Among children with HIV infection, opportunistic illness (OI) rates decreased after introduction of highly active antiretroviral therapy (ART) in 1997. We evaluated whether such decreases have continued.
Data from the Centers for Disease Control and Prevention’s National HIV Surveillance System for children with HIV living in the US during 1997–2016 was used to enumerate infants experiencing the first OI by birth year and OIs among all children <13 years of age (stratified by natality). We calculated the time to first OI among infants using Kaplan-Meier methods.
Among infants born during 1997–2016, 711 first OIs were diagnosed. The percentage of the first OIs diagnosed in successive 5-year birth periods was: 60.0% (1997–2001), 24.6% (2002–2006), 11.3% (2007–2011), and 3.4% (2012–2016). For every OI, the number of first cases decreased nearly annually. Time to first OI increased in successive birth periods. Among children <13 years of age, 2083 OI were diagnosed, including Pneumocystis jiroveci pneumonia, candidiasis, recurrent bacterial infection, wasting syndrome, cytomegalovirus, lymphocytic interstitial pneumonitis, tuberculosis, nontuberculous mycobacteriosis and herpes simplex virus. The rate (#/1000 person-years) decreased overall (60–7.2) and for all individual OIs. Earlier during 1997–2016, rates for all OIs were higher among foreign-born than US-born children but later became similar for all OIs except tuberculosis.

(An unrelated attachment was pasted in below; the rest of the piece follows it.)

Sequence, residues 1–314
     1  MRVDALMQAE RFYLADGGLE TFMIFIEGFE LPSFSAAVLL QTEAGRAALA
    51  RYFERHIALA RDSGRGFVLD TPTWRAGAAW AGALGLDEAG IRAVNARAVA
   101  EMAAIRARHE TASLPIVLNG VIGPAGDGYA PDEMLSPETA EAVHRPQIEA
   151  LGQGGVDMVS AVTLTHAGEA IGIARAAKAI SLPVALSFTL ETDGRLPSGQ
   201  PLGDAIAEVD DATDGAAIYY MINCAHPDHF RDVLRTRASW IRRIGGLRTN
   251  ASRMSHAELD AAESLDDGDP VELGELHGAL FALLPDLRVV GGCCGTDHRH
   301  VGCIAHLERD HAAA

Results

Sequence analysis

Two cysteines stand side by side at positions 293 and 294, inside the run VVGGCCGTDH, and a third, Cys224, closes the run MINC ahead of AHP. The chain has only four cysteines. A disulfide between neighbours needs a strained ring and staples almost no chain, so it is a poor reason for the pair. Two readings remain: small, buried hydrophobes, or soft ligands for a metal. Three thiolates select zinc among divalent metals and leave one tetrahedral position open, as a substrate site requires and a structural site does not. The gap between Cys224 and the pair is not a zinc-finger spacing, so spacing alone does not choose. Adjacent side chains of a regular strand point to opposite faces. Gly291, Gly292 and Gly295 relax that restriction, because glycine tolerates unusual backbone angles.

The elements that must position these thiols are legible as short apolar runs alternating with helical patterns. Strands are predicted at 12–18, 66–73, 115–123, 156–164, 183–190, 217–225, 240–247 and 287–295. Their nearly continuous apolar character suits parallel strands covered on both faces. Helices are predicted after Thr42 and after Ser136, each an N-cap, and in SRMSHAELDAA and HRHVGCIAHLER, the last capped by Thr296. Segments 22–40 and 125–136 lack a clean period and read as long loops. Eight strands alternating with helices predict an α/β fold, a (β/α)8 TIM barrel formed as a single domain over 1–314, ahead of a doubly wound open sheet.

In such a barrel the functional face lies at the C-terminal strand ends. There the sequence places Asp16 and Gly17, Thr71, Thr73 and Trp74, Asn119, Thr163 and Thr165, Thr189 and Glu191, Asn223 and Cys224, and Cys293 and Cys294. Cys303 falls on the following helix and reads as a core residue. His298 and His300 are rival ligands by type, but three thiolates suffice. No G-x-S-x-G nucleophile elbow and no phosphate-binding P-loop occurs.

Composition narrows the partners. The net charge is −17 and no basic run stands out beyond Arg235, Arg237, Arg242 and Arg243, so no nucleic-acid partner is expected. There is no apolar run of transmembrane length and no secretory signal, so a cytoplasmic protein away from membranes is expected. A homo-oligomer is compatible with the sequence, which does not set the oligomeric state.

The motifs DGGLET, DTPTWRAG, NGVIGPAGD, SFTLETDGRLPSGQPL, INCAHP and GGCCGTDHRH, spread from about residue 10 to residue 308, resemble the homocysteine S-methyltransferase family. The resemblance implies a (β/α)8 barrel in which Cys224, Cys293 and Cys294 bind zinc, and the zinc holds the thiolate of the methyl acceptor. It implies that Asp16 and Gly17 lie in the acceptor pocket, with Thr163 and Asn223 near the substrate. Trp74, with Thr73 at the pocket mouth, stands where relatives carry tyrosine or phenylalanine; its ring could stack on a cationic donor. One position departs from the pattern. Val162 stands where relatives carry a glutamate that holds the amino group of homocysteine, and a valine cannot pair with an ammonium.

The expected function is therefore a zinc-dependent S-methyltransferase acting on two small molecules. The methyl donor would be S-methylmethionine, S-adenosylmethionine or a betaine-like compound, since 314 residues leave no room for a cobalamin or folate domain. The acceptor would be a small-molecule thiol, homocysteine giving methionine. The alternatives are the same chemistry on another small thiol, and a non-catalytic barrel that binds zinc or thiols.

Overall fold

Among children with HIV in the US, numbers and rates of all OIs decreased during 1997–2016. Earlier, OI rates were highest among non-US-born children but were later comparable with those among US-born children for all OIs except tuberculosis.